I hate that nothing went right. Tom Daschle lost. We lost to a racist in Oklahoma and a doddering lunatic in Kentucky. In California we lost the attempt to reform the Three Strikes law, for God’s sake. A friend’s mother ran for State Assembly as a Democrat. She didn’t win.

I hate that I have to go about the week and talk to people about this. I hate that I can’t stop thinking about it.

I thought we were going to win.

What in the world is going to happen?

November 2, 2004

Twirling towards freedom

Filed under: Laws and Sausages — tomemos @ 11:28 pm

We lost the House and the Senate, badly. In the electoral college we’ve got yet another false hope, falser than false because it’s obvious how this is going to go. And 51% of voters decided on four more years.

I have nothing good to say about anything right now.

November 1, 2004

I’ve coughed up scarier stuff than that

Filed under: Halowe[']en — tomemos @ 3:45 pm

Gentlemen, behold: My 2004 Halloween costume! Duffman! OH YEAH!

By my reckoning, my top 10 Halloween costumes:

1: 2002. Aquaman. Bleached hair, dishwashing gloves, tights, green underwear, orange shirt with drawn-on scales.

2: 2004. Duffman. Trucker hat, sunglasses, cape, muscle shirt, runner’s belt with Budweiser.

3: Circa 1989. Shark. Full-body cloth shark costume.

4: Circa 1987. Trapjaw (villain from Masters of the Universe). Papier-mache Trapjaw helmet.

5: 1998. Georgie (droog from A Clockwork Orange). Top hat, white shirt, white jeans, jock strap and cup (as a codpiece), steel-toed boots, cane. Accompanied by Alex, Pete, and Dim.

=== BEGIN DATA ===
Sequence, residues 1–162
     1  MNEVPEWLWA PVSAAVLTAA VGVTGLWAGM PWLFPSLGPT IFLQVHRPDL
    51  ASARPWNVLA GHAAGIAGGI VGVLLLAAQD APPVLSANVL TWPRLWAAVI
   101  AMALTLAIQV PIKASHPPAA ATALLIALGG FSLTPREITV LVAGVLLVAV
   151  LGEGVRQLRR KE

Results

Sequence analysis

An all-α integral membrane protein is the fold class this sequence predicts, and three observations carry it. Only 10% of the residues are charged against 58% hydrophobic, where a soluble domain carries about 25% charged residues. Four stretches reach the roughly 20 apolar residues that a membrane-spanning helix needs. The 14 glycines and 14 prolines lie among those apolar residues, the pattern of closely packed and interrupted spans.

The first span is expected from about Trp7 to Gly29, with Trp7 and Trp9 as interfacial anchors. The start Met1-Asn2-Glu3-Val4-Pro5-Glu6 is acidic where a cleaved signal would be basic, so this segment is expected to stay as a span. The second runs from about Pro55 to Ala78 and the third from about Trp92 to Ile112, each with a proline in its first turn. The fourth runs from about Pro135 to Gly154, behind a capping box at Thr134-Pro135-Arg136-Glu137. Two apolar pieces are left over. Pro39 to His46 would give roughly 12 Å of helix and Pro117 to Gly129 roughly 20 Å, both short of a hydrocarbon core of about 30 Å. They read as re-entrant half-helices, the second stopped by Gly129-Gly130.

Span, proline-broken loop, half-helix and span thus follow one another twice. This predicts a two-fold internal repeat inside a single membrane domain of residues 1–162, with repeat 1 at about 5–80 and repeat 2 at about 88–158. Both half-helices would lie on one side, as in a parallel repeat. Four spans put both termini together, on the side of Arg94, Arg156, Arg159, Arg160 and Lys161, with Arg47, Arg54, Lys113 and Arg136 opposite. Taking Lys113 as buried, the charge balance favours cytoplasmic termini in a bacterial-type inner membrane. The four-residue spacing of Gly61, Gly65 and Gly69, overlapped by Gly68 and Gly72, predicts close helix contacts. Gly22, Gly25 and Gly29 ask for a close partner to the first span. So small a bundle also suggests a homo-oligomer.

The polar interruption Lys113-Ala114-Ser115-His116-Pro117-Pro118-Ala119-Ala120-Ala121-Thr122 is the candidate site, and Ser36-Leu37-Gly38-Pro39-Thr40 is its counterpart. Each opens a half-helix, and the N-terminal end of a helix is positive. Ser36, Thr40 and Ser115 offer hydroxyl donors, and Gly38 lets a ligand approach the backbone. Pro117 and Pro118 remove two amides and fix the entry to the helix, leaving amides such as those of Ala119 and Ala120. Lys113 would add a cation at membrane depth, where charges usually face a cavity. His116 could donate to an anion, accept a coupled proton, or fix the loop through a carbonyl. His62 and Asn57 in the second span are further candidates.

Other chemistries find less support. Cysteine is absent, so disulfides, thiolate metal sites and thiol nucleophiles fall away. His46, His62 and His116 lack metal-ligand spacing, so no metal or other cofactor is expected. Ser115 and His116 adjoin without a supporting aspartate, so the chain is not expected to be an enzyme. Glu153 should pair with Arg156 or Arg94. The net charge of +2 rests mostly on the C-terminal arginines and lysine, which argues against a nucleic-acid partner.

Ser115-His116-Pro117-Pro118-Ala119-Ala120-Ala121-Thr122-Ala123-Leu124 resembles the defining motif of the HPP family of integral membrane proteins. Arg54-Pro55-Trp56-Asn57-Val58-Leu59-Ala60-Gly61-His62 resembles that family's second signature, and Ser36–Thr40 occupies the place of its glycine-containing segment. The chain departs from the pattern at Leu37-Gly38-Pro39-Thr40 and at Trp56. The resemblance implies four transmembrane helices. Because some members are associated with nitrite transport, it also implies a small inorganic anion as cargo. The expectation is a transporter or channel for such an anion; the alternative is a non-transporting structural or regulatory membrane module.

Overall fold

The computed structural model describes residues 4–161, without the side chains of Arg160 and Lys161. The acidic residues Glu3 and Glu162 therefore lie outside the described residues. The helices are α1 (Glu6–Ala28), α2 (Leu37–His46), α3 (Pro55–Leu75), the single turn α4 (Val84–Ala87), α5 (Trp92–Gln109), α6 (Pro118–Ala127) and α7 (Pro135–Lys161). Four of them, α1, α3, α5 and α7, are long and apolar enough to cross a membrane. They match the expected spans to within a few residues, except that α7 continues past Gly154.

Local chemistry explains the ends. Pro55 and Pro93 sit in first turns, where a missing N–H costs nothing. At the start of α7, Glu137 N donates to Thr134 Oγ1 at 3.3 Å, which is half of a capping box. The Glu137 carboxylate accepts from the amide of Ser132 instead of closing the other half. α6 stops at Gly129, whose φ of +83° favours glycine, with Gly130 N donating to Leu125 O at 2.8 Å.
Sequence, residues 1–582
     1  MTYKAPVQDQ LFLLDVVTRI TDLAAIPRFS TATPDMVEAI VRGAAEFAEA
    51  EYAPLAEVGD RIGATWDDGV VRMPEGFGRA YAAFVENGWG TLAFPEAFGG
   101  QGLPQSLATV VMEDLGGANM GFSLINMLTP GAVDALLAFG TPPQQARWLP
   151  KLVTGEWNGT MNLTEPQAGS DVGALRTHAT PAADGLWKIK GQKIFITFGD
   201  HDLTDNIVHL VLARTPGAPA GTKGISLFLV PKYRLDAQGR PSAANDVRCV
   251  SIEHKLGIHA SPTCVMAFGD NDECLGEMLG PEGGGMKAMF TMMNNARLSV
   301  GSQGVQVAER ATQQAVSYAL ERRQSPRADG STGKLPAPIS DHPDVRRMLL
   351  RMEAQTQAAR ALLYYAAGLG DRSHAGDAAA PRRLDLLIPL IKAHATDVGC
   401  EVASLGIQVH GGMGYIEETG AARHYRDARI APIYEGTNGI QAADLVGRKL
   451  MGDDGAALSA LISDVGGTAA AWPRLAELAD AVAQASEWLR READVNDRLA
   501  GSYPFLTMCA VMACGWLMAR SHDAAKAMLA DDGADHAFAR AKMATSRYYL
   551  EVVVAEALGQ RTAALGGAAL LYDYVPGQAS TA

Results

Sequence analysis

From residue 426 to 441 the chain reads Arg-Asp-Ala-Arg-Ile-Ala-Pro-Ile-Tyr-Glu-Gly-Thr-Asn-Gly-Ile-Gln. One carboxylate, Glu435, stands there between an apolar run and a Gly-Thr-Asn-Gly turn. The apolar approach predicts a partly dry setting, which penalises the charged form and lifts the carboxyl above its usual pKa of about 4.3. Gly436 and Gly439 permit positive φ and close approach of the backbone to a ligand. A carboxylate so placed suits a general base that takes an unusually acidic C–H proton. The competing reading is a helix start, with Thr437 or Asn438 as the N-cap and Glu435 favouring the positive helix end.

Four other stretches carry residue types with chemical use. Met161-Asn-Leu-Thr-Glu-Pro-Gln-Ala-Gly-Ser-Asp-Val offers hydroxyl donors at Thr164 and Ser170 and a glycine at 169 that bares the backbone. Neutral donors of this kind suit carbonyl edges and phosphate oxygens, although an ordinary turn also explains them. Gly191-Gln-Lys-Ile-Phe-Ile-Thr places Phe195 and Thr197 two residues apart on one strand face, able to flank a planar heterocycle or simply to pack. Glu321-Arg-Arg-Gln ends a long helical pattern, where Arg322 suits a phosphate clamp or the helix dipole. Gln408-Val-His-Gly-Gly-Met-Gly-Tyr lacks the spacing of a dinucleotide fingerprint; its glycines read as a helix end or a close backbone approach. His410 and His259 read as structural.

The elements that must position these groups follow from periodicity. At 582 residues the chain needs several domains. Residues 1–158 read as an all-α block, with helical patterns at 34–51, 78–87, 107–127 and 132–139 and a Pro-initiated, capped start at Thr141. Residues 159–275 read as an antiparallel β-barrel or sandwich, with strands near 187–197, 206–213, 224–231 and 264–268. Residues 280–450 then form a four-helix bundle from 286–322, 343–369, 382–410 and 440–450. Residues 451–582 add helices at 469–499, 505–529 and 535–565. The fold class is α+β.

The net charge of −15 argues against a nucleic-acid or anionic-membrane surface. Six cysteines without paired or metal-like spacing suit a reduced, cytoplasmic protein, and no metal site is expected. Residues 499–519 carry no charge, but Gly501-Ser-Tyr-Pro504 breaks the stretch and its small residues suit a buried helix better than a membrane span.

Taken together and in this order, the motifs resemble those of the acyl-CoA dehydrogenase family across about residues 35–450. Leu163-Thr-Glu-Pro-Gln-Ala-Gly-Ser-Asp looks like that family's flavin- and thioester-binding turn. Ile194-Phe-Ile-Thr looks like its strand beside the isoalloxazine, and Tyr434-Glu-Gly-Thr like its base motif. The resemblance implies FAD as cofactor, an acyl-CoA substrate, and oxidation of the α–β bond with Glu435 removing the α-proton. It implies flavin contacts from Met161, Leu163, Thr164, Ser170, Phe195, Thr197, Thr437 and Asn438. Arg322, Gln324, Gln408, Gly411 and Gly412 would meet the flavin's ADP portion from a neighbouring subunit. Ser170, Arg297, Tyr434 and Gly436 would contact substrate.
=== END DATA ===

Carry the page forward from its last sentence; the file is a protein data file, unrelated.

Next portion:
6: Circa 1992. Serial killer. Plastic knife, fake blood, Albert Einstein mask with balloon inside (held as a severed head).

7: 1999. The Dread Pirate Roberts. Black head scarf, black eyemask, black gloves, black shirt, black pants, boots, sword.

8: 2003. Waldo. Round glasses, red-and-white striped shirt, jeans. No hat.

9: Circa 1991. Death. Red plastic skull mask with cowl and hologram eyes, robe, scythe.

10: Circa 1990. Pirate.

Man, what a great holiday. A number of my friends have already outgrown it, which strikes me as such a shame. Admittedly my maturity level might be a little low on this score–for instance, Halloween is the only time I enjoy clothes shopping–but a really well-chosen and well-executed Halloween costume is a chance to show off your craftiness (D+) and nerdiness (A+) all in one. Some people customize their computers, I dress up like superheroes.